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Nolan Part of Wide-Ranging Defense Project

Math Department Prof. Nolan wins 3-year grant

AU math professor John Nolan has won a three-year, $306,000 Defense Department grant for his work on a multidisciplinary university research initiative (MURI) to create new ways of analyzing data and securing networks.

Nolan was named in August 2012 as a co-principal investigator on the “ARO-MURI” research project. The project, funded by the Army Research Office and led by Cornell University, comprises the work of 11 researchers from seven different universities. The total budget is $3 million, with an option to extend for another two years.

The purposes of the MURI project are wide ranging and include many different focuses and areas of expertise. Nolan’s contributions are in the area of probability theory. One major objective is to create an empirically grounded analytical framework for multivariate heavy-tailed models, which are models created by looking at the accumulation of data to predict future extreme events. The models will provide theoretical results and statistical tools to help draw correlations between data and rare events.

The Department of Defense will use these tools for evaluating data from a variety of problems. The project plans to use these tools for measuring risk in social network analysis, network design and control, network security and anomaly detection, risk analysis, and signal processing.

The range this research can be applied to illustrates the importance of these research initiatives and their potential benefits and applications.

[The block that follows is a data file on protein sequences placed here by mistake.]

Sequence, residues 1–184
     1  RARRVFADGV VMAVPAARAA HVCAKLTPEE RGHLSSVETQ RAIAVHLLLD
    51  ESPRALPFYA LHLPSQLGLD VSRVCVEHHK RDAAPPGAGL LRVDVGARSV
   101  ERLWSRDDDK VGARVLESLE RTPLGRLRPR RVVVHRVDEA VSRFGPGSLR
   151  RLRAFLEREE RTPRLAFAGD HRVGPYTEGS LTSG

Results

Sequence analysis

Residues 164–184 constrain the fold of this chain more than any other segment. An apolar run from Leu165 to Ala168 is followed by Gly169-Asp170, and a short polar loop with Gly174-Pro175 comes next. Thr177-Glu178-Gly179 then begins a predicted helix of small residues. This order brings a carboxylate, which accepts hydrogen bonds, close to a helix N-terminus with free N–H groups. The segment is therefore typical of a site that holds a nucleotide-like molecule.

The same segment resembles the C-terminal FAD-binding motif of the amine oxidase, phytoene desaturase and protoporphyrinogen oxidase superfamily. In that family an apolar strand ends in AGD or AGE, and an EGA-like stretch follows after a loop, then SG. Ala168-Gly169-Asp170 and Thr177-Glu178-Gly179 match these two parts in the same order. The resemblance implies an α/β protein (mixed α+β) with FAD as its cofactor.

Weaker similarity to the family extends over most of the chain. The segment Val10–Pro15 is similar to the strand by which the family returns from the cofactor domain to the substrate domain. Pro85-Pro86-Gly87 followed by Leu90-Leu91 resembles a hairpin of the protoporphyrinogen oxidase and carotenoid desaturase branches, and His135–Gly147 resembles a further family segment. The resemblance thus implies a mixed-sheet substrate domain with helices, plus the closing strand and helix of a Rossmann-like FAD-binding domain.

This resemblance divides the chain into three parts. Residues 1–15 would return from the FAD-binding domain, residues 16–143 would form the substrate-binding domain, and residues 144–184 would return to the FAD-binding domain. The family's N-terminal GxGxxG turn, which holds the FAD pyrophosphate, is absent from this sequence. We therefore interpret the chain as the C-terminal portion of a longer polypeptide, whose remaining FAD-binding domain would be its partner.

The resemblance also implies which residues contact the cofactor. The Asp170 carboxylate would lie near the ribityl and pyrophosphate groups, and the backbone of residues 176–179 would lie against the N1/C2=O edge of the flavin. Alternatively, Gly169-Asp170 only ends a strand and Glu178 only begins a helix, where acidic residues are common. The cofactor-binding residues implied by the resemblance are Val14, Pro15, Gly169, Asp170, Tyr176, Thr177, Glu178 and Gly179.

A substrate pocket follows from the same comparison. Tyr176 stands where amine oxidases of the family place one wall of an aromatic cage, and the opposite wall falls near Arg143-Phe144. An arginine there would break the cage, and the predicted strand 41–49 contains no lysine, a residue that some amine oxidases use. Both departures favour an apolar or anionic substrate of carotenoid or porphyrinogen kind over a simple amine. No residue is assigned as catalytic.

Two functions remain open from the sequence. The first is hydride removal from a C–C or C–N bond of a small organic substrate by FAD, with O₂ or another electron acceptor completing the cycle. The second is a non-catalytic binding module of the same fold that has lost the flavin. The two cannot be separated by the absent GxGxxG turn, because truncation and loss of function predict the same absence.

“It is another step forward for AU,” Nolan says of the grant. “American University’s faculty are getting major grants and interacting with prominent researchers around the country.”

Nolan’s own interest in the project started when he saw its relation to and inclusion of probability theory, a long-term interest and area of study. Probability theory develops theoretical models that look at large data sets to understand extreme events, a central focus of the MURI Project.

Nolan hopes his work will encourage others to pursue this area and that this will help lead to new initiatives in grant research. Particularly, in the field of math, exciting discoveries are constantly being made, he says.

MURI is an example of the potential these research initiatives have of furthering our understanding in a wide range of math-related fields. The constant novelty and discovery in the math world is lost on many people, Nolan says. In fact with the development of technologies and new concepts, it is a field that is greatly expanding and is constantly shifting.